Saturday, February 9, 2013

Inclement Weather: Nemo 2013

I first wanted to blog because I did something historical, I trekked 1+ mile in Nemo (apparently they're now naming blizzards), the largest blizzard since '78 with 30+ mph winds and 9 inches of snow accumulated in one evening. I went to a friend's house earlier in the day and because the roads were closed to cars decided I'd have some fun "skiing" on a bike. It was a joyride and not dangerous since only walkers and the occasional obsequious flashing plows were out. I arrived and decided locking up the bike would be pointless so I shoved it under the front porch, safe from the storm. After some food, board gaming, and embracing the winter wonderland, I went outside to see how crazy it was to trek home. Descending the stairs I came up waist high in snow and had a sudden urge to do nothing but frolic. I went to my bike, which while not completely buried was certainly snow-covered with wind speeds at 35 mph. For amusement sake only, I went out to the road and successfully pedaled three revolutions before losing traction/balance. And then turning onto the immediate side street couldn't successfully cycle one revolution. Keep in mind the snow was past the front tires of most cars. But by that point a challenge had been planted in my mind and the thought of my bed and clean brushed teeth enticed me enough to accept it. I was going to walk the 1+ mile home, even though a couch was a perfectly welcome option. I made it to the main street and then the wind gust's bitter chill and ice prickled my face, despite the hood, scarf, and jacket up to my nose. I realized perhaps I had made the "wrong" choice, but I had already embarked and was ready to encounter Nemo firsthand. Keep in mind I saw 10+ people in the middle of the street, out for a walk, and if I hadn't been walking a bike, I would have blended into the 1:30 am Centre St scene well. But I was and despite passing 5+ plows, trucks, and bulldozer plows, attempting to keep the roads "clear", it was more like snowshoeing with the added challenge of a useless wheeled accessory alongside me. If I had simply been walking south, it wouldn't have been a feat, but alas I had to walk north (the direction of the wind). I realized the only way I was going to handle the blizzard for the duration required was to walk backward and push the bike, which mitigated the wind completely. Sooner than later, I was more than halfway, and realized I could do it. Despite not being able to look anywhere but the ground (or backwards), I glimpsed forward seeing the Boylston traffic light blurred in the distance, knowing I would soon be home. I arrived, with a sense of accomplishment and satisfaction that I really did just walk 1+ mile in the record-breaking snowfall day and largest blizzard since '78. Sure, this may have been "stupid" and "unnecessary" suggesting I should have taken the comfortable, "no pain no gain" route of the friend's couch, but for whatever reason I had a drive and determination to circumvent the blizzard by truly embracing it. When I got to where the steps of my house usually are, there was nothing but a large snow drift and I decided, despite the fact it would be unnoticed by morning, I would shovel the walkway. Once I turned out of the north direction, the stinging and frigid wind immediately ceased and it was nothing but a glimmering winter wonderland. And somehow the trek had rejuvenated me, perhaps from being so stir crazy all day.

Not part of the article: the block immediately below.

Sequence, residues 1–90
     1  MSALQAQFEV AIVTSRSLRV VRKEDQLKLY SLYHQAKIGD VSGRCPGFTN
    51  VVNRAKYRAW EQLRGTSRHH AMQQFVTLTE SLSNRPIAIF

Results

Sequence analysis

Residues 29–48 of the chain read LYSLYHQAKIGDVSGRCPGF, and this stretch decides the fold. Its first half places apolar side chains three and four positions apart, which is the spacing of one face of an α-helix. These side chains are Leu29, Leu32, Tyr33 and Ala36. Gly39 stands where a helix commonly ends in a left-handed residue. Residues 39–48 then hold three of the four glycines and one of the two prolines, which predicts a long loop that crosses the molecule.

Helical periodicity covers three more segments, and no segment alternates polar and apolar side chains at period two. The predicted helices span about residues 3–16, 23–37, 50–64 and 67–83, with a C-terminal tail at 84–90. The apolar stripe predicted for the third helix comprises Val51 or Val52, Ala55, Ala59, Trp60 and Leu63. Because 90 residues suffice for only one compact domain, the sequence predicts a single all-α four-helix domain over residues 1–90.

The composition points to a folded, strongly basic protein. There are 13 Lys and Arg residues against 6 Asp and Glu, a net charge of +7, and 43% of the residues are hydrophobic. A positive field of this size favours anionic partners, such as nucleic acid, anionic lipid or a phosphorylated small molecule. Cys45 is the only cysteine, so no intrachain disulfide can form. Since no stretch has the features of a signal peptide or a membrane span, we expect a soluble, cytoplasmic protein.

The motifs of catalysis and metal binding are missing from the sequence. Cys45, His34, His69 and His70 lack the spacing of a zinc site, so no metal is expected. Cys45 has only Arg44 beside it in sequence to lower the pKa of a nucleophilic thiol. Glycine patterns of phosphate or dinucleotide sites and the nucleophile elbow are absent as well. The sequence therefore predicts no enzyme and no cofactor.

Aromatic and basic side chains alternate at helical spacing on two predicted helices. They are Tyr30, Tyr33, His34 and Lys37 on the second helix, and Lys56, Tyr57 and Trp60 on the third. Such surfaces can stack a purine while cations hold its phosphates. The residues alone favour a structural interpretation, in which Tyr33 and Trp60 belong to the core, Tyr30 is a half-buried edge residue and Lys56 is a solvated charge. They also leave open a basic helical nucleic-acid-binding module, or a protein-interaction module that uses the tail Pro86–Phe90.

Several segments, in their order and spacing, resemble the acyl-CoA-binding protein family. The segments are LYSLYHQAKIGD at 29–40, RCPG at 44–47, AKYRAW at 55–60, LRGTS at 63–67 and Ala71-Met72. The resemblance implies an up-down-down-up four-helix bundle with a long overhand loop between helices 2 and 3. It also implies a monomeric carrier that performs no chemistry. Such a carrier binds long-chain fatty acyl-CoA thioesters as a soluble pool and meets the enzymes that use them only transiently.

I tell you this story because aside from the crazy, illogical, and perhaps preposterous decision I made,  I reflect a significant portion of who I am and for those who know me well, I'm guessing the above anecdote doesn't surprise you greatly. I've always known I've thrived on the uncomfortable, unpredicted, and more challenging path, but I think tonight I realized it's not only that I thrive on it, but on some level it is a necessity of my life. The love of adventure, the zeal and drive required, the innovation of how to surpass obstacles, the humor needed to walk in a blizzard, the need to physically experience the blizzard, and the achievement and satisfaction attained once the journey has been taken, these are all key elements to my personal core and for me, my favorite memories contain these. Some might think it a bit crazy to have sought out the chance to experience a blizzard. But I think as music requires both tensions and resolutions, we need obstacles and challenges to attain the success and satisfaction one receives from a job well done. I can now appreciate in a new and tangible way my heat, my dry clothes, my bed, and my fortune for having arrived safely. Had I stayed on the couch, I would have slothfully fallen asleep on a foreign couch and missed the rarity of such an event. And let's face it the story wouldn't have been the same!

What obstacles and challenges will I encounter in the remaining semester, especially as we embark to Venezuela (in a little over two weeks!)? I am unsure, but can ascertain that the story of how we overcome them and the strengthening of friendships that will be sure to follow will remain in my mind long after the initial journey is over and will be lessons that not only build character, but help shape future decisions and experiences. The challenge is needed to fully appreciate the good. Very rarely are the "good times" the easy times. They are the times when satisfaction and accomplishment and most often times growth have been attained. So I ask you, are you ready to experience inclement weather (or whatever obstacle), not just from a window watching complacently, but truly experiencing it firsthand, bitter, cold wind, and all? 

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